W3C home > Mailing lists > Public > ietf-http-wg@w3.org > October to December 2016

Re: New Version Notification for draft-kazuho-early-hints-status-code-00.txt

From: Werner Baumann <werner.baumann@onlinehome.de>
Date: Wed, 2 Nov 2016 16:53:59 +0100
To: ietf-http-wg@w3.org
Message-ID: <20161102165359.4f837bdb@ginster>
Am Wed, 2 Nov 2016 09:59:53 +0000
schrieb Cory Benfield <cory@lukasa.co.uk>:
> (Vaguely relatedly, Roy, your assertion that these implementations
> fail because “their developers can’t read” is one of the most grossly
> petty things I’ve read on this mailing list. Most of the
> implementations I’ve tested are open-source implementations that are
> maintained by one-to-two developers, part time. It turns out that the
> real world of implementing HTTP/1.1 is sufficiently complex that
> writing code to support a feature that has been used literally zero
> times prior to this moment was not high up the priority list of
> implementers. So it’s not that they "can’t read", it’s that they
> prioritised their work items to actually solve the problems their
> users have, and “being served unexpected 1XX status codes” wasn’t on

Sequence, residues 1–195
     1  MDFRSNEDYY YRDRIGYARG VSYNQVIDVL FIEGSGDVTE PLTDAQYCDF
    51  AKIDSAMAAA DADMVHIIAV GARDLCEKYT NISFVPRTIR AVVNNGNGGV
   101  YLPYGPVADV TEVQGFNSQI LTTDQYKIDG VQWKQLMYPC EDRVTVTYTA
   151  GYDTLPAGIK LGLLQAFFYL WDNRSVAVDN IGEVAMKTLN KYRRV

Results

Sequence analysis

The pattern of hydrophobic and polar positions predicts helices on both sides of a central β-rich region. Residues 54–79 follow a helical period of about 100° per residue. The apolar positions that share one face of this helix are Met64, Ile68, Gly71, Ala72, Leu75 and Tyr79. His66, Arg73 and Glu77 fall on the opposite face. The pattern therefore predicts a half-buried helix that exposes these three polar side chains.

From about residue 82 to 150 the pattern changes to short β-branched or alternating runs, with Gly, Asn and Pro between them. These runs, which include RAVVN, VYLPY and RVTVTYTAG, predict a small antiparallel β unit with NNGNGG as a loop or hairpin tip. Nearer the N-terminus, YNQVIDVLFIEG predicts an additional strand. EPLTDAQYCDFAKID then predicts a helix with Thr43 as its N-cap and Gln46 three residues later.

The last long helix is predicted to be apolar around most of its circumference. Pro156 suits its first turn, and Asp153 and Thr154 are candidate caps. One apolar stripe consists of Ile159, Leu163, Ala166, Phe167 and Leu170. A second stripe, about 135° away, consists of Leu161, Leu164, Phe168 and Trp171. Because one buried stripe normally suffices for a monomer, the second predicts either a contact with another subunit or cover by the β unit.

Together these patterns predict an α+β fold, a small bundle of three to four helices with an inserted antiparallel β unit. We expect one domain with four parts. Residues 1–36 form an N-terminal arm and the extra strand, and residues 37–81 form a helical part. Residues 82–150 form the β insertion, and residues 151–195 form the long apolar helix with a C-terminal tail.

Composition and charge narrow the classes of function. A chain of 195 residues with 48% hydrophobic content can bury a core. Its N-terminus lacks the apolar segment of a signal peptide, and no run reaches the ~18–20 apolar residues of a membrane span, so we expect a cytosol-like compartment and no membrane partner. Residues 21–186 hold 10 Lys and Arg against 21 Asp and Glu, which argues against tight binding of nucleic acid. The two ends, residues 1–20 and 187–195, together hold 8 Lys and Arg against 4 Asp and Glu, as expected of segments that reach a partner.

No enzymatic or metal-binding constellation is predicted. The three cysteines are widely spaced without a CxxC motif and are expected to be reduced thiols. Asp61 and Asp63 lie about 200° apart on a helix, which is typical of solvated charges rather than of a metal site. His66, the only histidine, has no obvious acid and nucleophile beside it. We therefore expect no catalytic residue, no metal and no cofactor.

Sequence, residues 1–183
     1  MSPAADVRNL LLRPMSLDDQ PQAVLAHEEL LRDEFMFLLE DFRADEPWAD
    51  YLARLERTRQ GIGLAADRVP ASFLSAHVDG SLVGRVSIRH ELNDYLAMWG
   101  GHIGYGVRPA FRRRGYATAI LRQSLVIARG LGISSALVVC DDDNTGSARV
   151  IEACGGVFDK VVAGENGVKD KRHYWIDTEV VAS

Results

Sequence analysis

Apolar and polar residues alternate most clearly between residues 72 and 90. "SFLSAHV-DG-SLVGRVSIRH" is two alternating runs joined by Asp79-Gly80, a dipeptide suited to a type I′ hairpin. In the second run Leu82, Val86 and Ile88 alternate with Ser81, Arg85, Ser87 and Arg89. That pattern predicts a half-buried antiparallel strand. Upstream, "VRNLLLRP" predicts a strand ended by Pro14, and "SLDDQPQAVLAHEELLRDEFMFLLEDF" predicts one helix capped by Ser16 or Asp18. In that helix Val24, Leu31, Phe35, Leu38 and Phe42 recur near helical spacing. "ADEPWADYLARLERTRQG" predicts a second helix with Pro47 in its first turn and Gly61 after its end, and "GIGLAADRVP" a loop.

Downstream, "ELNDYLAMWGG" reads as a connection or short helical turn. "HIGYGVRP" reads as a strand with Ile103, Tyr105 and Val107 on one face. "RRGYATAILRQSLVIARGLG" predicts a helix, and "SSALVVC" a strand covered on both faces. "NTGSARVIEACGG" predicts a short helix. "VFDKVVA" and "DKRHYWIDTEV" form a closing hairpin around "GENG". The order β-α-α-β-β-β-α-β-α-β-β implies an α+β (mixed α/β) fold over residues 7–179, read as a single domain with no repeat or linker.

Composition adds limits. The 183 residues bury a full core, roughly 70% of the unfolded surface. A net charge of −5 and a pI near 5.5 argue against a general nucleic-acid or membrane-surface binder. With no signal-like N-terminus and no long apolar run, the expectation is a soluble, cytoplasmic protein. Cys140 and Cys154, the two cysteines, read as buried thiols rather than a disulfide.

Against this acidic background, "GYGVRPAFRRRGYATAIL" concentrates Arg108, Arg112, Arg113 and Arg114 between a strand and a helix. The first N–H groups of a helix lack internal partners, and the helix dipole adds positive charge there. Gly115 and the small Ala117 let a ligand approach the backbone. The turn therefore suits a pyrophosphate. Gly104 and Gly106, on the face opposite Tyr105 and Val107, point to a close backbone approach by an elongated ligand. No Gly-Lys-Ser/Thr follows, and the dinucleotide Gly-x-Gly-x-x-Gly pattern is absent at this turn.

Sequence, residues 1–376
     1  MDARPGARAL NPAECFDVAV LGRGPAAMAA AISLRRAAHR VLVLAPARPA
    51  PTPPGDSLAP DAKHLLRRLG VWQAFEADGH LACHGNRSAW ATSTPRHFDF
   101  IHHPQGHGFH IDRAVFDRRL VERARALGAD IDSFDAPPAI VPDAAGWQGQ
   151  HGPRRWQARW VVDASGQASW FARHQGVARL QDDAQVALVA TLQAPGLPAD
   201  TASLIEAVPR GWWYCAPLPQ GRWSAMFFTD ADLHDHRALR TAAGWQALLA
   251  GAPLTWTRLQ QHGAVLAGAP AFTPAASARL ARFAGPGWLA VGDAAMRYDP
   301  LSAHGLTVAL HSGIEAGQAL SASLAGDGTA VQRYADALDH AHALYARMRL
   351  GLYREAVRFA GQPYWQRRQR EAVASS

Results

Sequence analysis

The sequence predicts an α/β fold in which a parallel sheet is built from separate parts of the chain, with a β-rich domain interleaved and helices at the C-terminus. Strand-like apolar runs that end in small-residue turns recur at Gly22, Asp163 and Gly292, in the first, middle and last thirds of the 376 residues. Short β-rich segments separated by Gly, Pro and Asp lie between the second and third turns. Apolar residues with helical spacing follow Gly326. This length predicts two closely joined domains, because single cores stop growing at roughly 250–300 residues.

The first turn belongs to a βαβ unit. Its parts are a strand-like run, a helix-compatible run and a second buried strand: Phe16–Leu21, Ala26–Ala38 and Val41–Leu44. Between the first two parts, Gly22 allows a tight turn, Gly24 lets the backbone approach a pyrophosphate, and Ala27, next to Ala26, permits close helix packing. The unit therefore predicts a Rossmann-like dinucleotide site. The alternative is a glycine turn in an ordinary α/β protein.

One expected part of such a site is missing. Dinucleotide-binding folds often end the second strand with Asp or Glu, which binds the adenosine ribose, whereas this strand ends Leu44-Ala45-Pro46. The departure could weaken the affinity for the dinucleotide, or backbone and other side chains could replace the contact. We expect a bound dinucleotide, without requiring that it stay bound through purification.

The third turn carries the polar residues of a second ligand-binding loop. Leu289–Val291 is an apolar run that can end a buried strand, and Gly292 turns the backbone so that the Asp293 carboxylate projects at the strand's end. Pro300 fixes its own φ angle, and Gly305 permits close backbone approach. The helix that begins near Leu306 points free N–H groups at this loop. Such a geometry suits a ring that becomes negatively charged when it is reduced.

> that list. Clearly all us independent implementers are amateur-hour
> hacks with no business being on the web.)
> 
I am the only developer of a WebDAV-client (davfs2) and I did read the
spec.
My project makes use of the Neon library, developed by a single person
who did read the spec.
I don't spend a lot of time reading the specs. I spend a lot of time
writing workarounds for servers, who's implementers did not read the
spec. And a great deal of user support is about buggy servers that
conflict with the spec in an obvious way.

> Well, firstly, let me note that all currently-specced 1XX status codes
> *are* negotiated. While 100 Continue is allowed to be sent without an
> “Expect” header requesting it, in practice it never is, so user-agents
> that don’t send the “Expect" header will never see it. 

This needs a lot of twisting the word negotiation.
If I never send a valid GET-request I will never see a 200-response
with a resource in the body. So when sending a valid GET-request I
negotiate 200 OK?

The Expect-100 header does not tell the server that the client is able
and willing to handle 100 Continue responses. It tells the server that
the client will not send the body until it gets the OK from the server.
Using a protocol feature is not negotiating it.

Your argument sounds as if the preferred way to implement a protocol is
to revers engineer the protocol from what you see on the wire.
Received on Wednesday, 2 November 2016 15:54:42 UTC

This archive was generated by hypermail 2.3.1 : Wednesday, 2 November 2016 15:54:45 UTC